Hi Louise, I normally listen through the website and I don’t always listen in order. Your show notes mean I pick a podcast with a subject,guest, yarn I’m interested in and are invaluable. Thank you for taking the time to put the show notes up and making them so concise. On another note totally agree with your rant on your bottle hat knits, everything I see the adverts I want to growl.

  5. Mazzy says

    I always listen to the podcast via the website. I have no idea what a podcatcher is and don’t expect to be enlightening myself on the subject any time soon. The KnitBritish website suits me just fine.

    I often read the show notes before, during or after an episode. They make a great information resource. Plus, they’re searchable if I think that I once heard something mentioned on the podcast but just can’t remember which episode.

  6. Julia says

    Another thought provoking and very enjoyable podcast. Rant away!

    Although I usually listen via iTunes I always read your show notes before, during or after listening, sometimes all three. I appreciate the time you’ve spent writing them.

  7. Carol says

    Hands up I don’t always read the show notes…….sorry will now be a reformed person..thank you for producing them in such detail. Not every pod caster does . Off to order from The Knitting Goddess One Flock’ . Thanks for all your efforts to promote the act of Knitting British.

  8. I love your podcast and it is true, your show notes are wonderful. My head was nodding, nodding, nodding as I listened to this one. I will NOT be knitting caps for bottles or sweaters for penguins -rubbish to those who do not value the hands that knit beautiful things. Thank you again and again for teaching me so much about yarn and knitting.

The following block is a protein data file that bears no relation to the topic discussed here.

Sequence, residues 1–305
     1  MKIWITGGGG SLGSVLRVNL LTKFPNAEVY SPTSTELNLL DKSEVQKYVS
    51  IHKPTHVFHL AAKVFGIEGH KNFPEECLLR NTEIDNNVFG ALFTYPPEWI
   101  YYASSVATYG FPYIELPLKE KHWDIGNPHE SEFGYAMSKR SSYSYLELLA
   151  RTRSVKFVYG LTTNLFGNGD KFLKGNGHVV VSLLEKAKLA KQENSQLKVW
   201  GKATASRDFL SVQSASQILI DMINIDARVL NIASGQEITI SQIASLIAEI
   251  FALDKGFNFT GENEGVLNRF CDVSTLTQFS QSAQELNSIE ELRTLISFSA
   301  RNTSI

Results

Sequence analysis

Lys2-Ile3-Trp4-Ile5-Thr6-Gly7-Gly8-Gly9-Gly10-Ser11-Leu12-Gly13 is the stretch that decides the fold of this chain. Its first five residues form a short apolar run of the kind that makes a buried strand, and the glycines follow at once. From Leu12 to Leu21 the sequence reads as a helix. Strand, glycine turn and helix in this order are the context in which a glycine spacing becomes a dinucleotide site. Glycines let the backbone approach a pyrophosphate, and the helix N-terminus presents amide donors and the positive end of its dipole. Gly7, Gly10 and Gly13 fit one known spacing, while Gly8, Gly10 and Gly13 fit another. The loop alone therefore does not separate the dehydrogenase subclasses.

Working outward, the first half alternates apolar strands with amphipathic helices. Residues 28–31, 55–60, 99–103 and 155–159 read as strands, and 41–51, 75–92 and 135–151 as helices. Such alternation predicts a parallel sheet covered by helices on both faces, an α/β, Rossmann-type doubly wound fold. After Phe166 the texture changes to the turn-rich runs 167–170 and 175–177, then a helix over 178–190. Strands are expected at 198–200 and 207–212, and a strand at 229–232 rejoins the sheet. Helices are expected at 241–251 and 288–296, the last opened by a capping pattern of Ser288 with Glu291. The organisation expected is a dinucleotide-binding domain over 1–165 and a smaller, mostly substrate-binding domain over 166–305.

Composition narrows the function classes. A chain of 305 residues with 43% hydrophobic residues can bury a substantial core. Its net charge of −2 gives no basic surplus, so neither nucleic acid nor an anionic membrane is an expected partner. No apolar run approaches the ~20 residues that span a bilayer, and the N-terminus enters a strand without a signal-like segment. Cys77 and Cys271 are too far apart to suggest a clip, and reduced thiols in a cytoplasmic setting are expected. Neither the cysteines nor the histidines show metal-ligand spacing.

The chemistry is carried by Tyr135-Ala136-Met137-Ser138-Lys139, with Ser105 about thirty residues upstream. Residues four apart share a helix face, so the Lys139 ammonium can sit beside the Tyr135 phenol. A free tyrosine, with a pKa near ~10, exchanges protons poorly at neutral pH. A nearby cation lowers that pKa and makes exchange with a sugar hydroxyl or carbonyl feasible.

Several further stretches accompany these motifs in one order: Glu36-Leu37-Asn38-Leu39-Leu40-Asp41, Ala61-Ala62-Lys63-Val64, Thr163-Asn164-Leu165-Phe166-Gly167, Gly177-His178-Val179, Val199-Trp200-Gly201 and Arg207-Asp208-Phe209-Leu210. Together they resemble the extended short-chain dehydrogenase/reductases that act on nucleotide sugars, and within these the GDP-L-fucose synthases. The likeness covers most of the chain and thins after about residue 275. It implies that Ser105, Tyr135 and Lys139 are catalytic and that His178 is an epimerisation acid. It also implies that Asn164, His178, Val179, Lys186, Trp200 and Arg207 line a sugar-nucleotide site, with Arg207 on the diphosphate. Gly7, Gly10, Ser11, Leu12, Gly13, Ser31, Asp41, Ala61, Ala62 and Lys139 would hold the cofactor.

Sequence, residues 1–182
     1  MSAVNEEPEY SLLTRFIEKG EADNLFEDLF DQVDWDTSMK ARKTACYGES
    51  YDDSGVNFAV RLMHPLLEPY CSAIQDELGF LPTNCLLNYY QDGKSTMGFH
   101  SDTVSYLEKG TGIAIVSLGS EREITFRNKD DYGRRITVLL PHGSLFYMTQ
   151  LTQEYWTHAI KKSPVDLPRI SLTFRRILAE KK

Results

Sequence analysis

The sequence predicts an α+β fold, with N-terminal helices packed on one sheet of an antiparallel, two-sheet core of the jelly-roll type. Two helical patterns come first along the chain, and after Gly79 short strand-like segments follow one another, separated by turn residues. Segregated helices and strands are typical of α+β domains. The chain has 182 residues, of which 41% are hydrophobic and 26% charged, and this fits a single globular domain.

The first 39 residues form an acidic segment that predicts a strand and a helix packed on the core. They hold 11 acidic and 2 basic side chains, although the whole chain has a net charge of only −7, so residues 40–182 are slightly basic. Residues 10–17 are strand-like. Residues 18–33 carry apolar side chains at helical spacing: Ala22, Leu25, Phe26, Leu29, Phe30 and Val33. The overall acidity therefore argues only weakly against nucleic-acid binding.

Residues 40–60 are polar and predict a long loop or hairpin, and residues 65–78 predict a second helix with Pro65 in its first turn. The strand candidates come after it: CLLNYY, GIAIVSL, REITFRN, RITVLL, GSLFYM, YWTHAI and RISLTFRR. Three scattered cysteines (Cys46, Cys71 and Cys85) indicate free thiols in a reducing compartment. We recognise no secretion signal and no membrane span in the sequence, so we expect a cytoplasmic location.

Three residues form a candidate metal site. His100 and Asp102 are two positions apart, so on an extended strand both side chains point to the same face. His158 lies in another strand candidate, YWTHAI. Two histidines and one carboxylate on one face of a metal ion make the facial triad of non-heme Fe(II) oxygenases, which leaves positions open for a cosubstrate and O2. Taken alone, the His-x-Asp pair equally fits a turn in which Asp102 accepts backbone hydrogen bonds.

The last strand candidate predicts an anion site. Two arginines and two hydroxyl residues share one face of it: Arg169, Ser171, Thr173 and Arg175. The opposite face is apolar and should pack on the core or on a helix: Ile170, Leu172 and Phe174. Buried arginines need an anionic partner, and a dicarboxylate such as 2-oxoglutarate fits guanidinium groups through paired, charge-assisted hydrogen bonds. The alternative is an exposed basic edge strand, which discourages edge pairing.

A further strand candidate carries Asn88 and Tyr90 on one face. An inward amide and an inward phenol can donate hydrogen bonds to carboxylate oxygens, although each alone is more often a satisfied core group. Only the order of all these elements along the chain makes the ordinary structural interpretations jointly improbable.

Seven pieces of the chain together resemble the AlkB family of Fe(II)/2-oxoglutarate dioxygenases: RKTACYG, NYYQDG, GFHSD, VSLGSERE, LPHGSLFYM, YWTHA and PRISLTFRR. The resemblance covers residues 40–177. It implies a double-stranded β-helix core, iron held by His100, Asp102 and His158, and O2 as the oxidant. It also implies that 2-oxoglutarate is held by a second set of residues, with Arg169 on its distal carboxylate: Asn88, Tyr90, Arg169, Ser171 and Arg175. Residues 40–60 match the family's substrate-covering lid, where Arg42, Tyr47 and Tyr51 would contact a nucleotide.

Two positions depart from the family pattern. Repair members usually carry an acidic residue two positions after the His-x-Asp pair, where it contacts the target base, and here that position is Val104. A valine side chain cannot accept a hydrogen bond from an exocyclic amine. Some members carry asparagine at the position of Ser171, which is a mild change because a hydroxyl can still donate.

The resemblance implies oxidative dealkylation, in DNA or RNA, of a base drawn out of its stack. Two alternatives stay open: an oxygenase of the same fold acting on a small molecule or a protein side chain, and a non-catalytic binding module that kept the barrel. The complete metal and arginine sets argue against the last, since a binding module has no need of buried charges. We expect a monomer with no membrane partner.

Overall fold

9. fantastic episode! and those bloody tiny hats drive me nuts!! have a large project to finish but will be casting on a mini jumper as soon as. Just to say local charity Edinburgh Direct Aid are looking for some knitted items https://www.edinburghdirectaid.org/warehouse.htm

    Knit for Peace are fantastic and also http://www.knit-a-square.com who distribute blankets to vulnerable and AIDS orphaned children in shanty towns in South Africa. They are looking for 8inch squares with a 16 inch tail for sewing up. If you are in Edinburgh and can come to http://www.grannygreens.co.uk mondays at Akva I can post them to South Africa saving you the postage

    • louise says

      Thank you Mary! My squares are now winging their way to Knit for Peace.
      I will post the Knit A Square link in the KB group!

  10. Terry Prehara says

    As always, I enjoyed your podcast. I especially love your focus on locally produced yarns and the stories behind the products you include in your program.

  11. I really enjoyed the podcast — and funnily enough, not a few hours after listening, a video for Innocent’s call for hats popped up as I was looking at Instagram stories (I don’t follow them, it was clearly paid advertisement) But how insidious I thought! Clearly they’re paying to target knitters on social media — surely that money would be better spent going directly to AgeUK or another charitable cause.

    Anyway, just thought I’d say how much I enjoyed the show and share my own mini rant 😀

  12. Sandra Dennis says